Image in modal.

The success of transformative programs currently under development at NASA, such as the Artemis mission to establish a long-term human presence on the moon and the Advanced Air Mobility project to integrate electric air taxis and drones into America’s airspace, will depend on breakthroughs in the technology of communication. To support the necessary innovations, NASA’s Glenn Research Center, in Cleveland, has brought together 25 research labs from across its campus in a dedicated state-of-the-art Aerospace Communications Facility. Designed by Ross Barney Architects and completed in late 2023, the 54,000-square-foot, $40.5 million building integrates stringent programmatic and budgetary requirements with the desire for supportive daylit workspaces and the need to meet ambitious sustainability targets.

The architectural concept and its expression are unabashedly pragmatic, says Carol Ross Barney, founder of Ross Barney Architects. “This is a building that’s driven by its function and by the need to be carbon- and energy-efficient,” she says of the net zero energy–ready facility—one designed to be highly efficient, so that if a renewable-power generation system were installed, it would produce at least as much energy as is consumed. “We’ve used what the building has to do to make it beautiful,” she adds.

The new facility reads as three volumes. The highest, a three-story block executed in concrete—precast for the walls and site-cast for the floor and roof—houses an antenna test range. Required to be completely shielded from radio frequency and electromagnetic interference, the concrete includes a proprietary conductive aggregate that acts as a Faraday shield, keeping high-frequency electromagnetic radiation from penetrating the structure. Making use of precast’s expressive potential, a graphic that layers mathematical equations like palimpsests on researchers’ chalkboards has been etched into the surface using a paper form-liner. The pattern embellishes the facade and reduces the block’s scale while signaling the building’s function to anyone familiar with the equations.

NASA Aerospace Communications Facility.

Equipment enters through an enormous bifold glass door (at far right in photo). Photo © Kendall McCaugherty, click to enlarge.

The graphic wraps into a glassy two-story volume that serves as a double-height lobby. Sight lines to the loading area, where enormous antennae dishes are brought into the testing bay through an 18-foot-square bifold glass door at one end of the lobby, make a show of the building’s ordinary goings-on.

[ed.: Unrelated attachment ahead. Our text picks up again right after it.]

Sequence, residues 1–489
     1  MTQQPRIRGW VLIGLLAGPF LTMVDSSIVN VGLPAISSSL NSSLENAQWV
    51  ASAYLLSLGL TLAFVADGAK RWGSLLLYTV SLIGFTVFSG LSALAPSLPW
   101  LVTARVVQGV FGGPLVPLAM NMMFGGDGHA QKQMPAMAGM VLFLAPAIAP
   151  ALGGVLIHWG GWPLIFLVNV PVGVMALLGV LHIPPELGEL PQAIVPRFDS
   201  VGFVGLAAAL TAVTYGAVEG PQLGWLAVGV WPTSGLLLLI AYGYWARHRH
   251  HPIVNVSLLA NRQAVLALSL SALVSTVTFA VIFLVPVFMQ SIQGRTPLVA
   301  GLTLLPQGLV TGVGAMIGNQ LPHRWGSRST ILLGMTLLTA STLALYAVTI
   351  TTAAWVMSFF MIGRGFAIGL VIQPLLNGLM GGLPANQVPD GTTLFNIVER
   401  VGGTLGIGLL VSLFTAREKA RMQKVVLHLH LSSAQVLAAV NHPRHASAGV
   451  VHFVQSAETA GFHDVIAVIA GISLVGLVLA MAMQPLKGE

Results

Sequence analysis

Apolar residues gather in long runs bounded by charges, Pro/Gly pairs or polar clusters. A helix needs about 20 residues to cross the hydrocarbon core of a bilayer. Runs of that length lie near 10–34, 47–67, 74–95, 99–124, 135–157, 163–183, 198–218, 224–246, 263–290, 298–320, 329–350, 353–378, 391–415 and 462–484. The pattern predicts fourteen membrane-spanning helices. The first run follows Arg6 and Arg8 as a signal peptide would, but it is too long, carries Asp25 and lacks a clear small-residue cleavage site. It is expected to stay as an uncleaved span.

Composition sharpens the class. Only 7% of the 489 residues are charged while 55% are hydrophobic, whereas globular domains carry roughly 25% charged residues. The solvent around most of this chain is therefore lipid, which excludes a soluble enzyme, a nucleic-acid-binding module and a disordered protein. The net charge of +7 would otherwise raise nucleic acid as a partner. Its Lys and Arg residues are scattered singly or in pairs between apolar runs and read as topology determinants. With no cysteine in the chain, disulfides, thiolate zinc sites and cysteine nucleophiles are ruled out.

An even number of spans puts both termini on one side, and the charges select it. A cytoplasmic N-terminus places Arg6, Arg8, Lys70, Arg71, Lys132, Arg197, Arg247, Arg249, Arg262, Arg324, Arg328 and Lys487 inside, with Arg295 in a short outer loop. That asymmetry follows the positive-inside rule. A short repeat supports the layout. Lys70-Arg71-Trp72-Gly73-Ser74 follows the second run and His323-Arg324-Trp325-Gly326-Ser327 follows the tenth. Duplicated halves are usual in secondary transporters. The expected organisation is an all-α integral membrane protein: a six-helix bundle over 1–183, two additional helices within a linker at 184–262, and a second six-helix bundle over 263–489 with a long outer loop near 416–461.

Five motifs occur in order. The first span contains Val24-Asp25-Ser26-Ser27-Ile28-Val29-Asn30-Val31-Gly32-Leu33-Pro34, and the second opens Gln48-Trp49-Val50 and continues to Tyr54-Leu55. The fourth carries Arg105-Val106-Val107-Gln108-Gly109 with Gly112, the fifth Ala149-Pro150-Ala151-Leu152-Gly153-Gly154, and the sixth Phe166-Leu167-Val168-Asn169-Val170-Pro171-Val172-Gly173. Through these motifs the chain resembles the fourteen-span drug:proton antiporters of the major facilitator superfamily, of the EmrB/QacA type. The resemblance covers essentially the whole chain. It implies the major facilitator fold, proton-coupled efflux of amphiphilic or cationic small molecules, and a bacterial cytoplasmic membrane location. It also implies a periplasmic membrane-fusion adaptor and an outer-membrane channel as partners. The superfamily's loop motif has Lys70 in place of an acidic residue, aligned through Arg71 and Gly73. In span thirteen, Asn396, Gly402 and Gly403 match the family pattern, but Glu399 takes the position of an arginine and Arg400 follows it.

Across the lobby from the testing bay, a two-story volume clad in dark blue corrugated steel houses research labs and collaborative and “hoteling” work zones (for space efficiency, there are no assigned desks or offices). These are organized to optimize daylighting and views into the tree canopy of a nearby ravine. On east- and west-facing glazing, a ceramic frit supplements shading from deciduous trees. On the south elevation, undulating perforated-aluminum shading devices provide glare-free daylighting. They also happen to look like radio waves.

NASA Aerospace Communications Facility.

The building includes a variety of collaborative workspaces. Photo © Kendall McCaugherty

The design team integrated sustainability as a priority from the outset, selecting the building configuration based on iterative evaluations of the passive-energy performance of four alternative schemes. Among the guidelines and energy-performance benchmarks informing the design was the Net Zero Energy Buildings (NZEB) Roadmap prepared for NASA by the National Renewable Energy Laboratory, which provides guidance on the strategic, organizational, and tactical aspects of complying with the time-phased NZEBs requirement for new federal buildings that started in 2020. Referring to the Roadmap and also to the ASHRAE 90.1 efficiency standard, Labs21 Environmental Performance Criteria (a rating system specific to the laboratory building type), and LEED, the design team optimized the building envelope and other systems by targeting what Ross Barney principal Ryan Giblin calls “sweet spots between costs and sustainability.”